The Burden of Prophecy: Poetic Utterance in the Prophets of the Old Testament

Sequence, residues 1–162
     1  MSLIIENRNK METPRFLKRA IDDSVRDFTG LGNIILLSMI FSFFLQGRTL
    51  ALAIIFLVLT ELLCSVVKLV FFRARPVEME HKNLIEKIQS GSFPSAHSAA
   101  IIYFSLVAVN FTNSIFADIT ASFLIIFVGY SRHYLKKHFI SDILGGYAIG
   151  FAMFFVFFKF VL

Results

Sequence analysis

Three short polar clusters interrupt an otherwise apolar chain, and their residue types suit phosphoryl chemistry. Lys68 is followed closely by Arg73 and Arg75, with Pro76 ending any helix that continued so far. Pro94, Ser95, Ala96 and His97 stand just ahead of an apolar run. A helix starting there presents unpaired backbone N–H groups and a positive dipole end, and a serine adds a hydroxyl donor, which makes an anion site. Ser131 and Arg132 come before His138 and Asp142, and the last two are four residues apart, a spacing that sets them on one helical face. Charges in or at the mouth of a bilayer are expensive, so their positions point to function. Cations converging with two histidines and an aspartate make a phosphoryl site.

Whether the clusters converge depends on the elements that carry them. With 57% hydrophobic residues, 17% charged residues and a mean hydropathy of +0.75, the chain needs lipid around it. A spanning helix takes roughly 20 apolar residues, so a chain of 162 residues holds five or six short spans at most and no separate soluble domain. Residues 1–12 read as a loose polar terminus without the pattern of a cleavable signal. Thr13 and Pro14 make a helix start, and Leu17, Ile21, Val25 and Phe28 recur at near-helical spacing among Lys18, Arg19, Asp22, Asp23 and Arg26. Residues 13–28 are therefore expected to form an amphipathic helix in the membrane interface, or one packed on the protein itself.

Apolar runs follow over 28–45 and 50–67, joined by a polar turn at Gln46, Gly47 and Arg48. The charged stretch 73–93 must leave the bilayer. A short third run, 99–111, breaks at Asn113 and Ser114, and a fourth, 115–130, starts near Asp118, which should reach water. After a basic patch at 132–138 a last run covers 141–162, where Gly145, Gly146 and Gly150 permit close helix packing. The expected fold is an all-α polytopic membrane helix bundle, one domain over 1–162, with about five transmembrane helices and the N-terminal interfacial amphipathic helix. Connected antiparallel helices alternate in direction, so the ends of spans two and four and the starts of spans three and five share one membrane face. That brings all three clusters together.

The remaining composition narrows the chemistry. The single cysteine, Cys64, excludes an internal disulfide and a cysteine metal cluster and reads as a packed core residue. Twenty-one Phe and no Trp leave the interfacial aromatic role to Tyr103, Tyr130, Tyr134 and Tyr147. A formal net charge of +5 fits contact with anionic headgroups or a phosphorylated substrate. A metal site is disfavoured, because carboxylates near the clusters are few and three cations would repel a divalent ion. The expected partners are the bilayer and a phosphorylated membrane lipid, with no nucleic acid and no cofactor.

Albert Cook examines the fusion of poetic with scriptural thinking in the prophets and wisdom writers of the Old Testament, focusing on the details of their thematic concentrations and on the posture they assume to orient themselves in their prophecies. Most poetry looks toward the past. Keats, Li Po, and Pindar, for example, all offer the profundity of a stocktaking. The poetry of the Hebrew prophet, however, is oriented toward the future. At worst, the prophet's perception and his intent can lead to an informed readiness for the future; at best, they can lead to a restoration of the people's covenant with God; but in any case, they will lead to a future whose features are compassed in the articulated vision. The Burden of Prophecy explores the implications of these conditions, balancing poetic, religious, and anthropological questions as it examines the Old Testament books of the prophets and their successors: Amos, Isaiah, Jeremiah, Ezekiel, Zechariah, Daniel, Psalms, and Ecclesiastes.


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